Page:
A 'Flying Launch Pad' Cruises New Mexico Skies
WhiteKnightTwo during a low-level flyover June 20, 2009 at the Las Cruces International Airport in New Mexico.
Credit: Barb Sprungman

LAS CRUCES, New Mexico – The flying launch pad, WhiteKnightTwo, made three low level flyovers here today at the Las Cruces International Airport – a continuation of celebrations for the groundbreaking of nearby Spaceport America.

WhiteKnightTwo is undergoing an extensive program of test flights, including long duration jaunts from its California home base at Mojave Air and Space Port.
The exotic looking aircraft – seemingly a catamaran of the sky – was en route to the June 19 groundbreaking ceremonies at Spaceport America. A slight technical difficulty curtailed that plan, with the mega-craft landing in Phoenix.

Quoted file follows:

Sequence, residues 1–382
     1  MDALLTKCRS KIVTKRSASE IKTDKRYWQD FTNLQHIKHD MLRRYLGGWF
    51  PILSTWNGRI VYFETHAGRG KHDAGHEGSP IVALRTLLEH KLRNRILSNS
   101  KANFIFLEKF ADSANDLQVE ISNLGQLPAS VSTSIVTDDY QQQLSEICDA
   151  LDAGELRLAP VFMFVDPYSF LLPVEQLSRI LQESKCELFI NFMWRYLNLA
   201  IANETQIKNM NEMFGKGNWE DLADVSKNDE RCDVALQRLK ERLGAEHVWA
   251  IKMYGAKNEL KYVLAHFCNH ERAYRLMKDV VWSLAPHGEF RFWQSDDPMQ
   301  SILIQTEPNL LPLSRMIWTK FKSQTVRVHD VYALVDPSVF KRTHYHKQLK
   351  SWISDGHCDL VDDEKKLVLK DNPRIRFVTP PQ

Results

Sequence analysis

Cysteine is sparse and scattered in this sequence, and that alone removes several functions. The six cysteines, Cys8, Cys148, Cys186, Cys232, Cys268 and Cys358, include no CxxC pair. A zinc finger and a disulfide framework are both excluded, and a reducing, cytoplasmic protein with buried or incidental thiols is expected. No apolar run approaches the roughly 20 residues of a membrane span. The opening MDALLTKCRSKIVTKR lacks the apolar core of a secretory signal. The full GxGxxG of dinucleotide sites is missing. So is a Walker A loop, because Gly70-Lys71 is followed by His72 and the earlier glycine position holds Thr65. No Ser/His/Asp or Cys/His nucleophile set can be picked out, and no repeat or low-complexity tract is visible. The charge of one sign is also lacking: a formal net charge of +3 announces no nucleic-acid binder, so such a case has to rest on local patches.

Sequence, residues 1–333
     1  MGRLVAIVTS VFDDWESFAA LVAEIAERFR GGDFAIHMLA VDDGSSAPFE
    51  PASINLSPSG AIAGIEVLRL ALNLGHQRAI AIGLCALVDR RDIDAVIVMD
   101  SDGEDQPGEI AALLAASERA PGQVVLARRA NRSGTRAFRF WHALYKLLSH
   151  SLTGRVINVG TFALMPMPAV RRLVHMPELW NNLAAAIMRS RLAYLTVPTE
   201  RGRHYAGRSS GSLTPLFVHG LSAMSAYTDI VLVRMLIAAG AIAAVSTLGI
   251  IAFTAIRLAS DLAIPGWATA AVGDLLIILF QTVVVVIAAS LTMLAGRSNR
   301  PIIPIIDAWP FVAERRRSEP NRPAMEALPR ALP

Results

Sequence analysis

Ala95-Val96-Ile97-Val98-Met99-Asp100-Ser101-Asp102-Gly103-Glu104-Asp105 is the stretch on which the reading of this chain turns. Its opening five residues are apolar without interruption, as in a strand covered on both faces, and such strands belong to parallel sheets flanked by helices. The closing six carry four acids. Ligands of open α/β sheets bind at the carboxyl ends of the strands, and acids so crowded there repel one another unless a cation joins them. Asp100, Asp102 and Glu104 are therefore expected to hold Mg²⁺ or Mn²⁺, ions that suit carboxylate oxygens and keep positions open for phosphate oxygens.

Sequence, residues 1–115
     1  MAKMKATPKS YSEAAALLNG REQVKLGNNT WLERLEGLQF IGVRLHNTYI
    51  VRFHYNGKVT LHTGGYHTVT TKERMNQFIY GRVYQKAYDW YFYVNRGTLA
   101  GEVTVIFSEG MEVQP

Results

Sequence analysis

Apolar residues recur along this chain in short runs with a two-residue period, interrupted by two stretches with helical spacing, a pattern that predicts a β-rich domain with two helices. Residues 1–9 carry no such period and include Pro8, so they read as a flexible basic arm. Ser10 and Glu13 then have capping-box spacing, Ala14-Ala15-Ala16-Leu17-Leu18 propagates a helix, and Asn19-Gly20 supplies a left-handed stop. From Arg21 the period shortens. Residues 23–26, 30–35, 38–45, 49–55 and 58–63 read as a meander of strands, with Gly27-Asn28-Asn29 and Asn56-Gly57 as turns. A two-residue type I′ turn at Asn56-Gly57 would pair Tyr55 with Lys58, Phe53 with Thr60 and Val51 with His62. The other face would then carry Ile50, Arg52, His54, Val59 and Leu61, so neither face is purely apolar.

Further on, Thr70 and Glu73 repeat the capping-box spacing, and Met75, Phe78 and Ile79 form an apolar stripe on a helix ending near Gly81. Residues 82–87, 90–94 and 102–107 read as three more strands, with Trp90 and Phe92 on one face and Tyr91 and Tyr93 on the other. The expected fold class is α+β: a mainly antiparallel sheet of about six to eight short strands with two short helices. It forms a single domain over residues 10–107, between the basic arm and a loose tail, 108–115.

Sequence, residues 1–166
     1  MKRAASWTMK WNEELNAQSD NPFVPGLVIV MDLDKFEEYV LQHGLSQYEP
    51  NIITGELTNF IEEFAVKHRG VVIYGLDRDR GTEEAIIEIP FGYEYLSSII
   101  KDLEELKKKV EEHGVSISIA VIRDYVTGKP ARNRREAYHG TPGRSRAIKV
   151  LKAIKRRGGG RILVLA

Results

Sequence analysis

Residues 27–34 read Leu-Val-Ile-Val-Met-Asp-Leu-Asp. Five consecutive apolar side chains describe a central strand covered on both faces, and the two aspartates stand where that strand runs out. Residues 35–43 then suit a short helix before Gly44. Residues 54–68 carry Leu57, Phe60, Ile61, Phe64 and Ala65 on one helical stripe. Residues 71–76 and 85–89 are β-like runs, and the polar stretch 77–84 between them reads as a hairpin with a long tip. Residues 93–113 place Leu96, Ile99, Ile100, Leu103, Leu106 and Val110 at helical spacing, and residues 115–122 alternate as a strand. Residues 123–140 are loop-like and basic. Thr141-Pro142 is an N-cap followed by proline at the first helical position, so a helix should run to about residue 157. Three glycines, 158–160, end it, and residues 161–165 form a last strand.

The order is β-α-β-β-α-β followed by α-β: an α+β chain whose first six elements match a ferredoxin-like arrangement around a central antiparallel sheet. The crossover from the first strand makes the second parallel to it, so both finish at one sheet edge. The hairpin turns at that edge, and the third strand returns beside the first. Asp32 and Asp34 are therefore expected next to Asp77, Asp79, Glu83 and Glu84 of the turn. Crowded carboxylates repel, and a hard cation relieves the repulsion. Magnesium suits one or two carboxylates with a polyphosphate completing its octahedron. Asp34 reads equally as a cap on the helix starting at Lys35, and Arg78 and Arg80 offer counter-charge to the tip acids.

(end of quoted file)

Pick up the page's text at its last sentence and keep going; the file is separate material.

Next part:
Today, lifting off from Phoenix, WhiteKnightTwo then winged its way here, cruising overhead in near cloudless skies. For onlookers gathered on the tarmac at the Las Cruces International Airport – including this reporter – the low level, over the runway flybys were indeed impressive.

The huge mothership of a craft is undergoing an ever-expanding list of test objectives. WhiteKnightTwo is the launch system for the six passenger/two pilot SpaceShipTwo suborbital rocket plane, an effort backed by Sir Richard Branson's Virgin Galactic spaceliner company.

According to Virgin Galactic officials here, expect to see the unveiling of SpaceShipTwo this coming December. That rocketship, like WhiteKnightTwo, is a product of a skilled workforce at Scaled Composites, headquartered at the Mojave Air and Space Port.

Leonard David has been reporting on the space industry for more than four decades. He is past editor-in-chief of the National Space Society's Ad Astra and Space World magazines and has written for SPACE.com since 1999.